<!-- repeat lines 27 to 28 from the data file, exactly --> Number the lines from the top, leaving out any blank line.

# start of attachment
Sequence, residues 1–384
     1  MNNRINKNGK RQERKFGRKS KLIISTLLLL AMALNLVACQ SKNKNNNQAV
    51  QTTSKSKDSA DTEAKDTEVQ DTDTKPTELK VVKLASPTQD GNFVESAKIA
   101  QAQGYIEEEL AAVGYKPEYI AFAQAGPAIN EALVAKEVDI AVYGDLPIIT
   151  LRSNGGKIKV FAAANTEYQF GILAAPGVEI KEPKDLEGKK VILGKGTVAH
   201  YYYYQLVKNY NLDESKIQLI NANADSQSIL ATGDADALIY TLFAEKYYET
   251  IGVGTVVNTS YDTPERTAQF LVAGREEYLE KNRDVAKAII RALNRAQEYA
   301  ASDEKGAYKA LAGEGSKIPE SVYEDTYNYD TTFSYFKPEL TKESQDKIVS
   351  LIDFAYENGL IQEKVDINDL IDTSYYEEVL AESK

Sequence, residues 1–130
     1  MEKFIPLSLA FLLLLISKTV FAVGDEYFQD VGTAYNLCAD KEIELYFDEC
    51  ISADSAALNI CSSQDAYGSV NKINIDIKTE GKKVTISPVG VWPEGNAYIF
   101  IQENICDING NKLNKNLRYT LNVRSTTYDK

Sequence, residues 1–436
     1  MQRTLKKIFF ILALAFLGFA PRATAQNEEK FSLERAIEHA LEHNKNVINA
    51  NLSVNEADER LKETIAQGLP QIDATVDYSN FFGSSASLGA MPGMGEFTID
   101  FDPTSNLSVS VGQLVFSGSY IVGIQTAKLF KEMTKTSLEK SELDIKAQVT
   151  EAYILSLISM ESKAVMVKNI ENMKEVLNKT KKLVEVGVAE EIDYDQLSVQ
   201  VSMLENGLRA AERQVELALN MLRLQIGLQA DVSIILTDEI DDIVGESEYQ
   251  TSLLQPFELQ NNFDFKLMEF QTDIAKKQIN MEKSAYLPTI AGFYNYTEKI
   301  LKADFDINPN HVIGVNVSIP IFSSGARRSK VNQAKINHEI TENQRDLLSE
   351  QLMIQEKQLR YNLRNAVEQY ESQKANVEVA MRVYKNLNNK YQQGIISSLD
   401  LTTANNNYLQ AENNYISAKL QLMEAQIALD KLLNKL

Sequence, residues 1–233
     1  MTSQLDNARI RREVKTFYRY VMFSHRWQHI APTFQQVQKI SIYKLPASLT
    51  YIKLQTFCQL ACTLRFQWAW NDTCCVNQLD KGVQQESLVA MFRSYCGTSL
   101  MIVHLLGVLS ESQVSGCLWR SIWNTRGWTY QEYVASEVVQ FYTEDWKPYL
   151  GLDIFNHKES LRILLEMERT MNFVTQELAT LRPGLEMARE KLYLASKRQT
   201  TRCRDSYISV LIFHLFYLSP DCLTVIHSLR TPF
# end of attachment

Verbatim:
   101  MIVHLLGVLS ESQVSGCLWR SIWNTRGWTY QEYVASEVVQ FYTEDWKPYL
   151  GLDIFNHKES LRILLEMERT MNFVTQELAT LRPGLEMARE KLYLASKRQT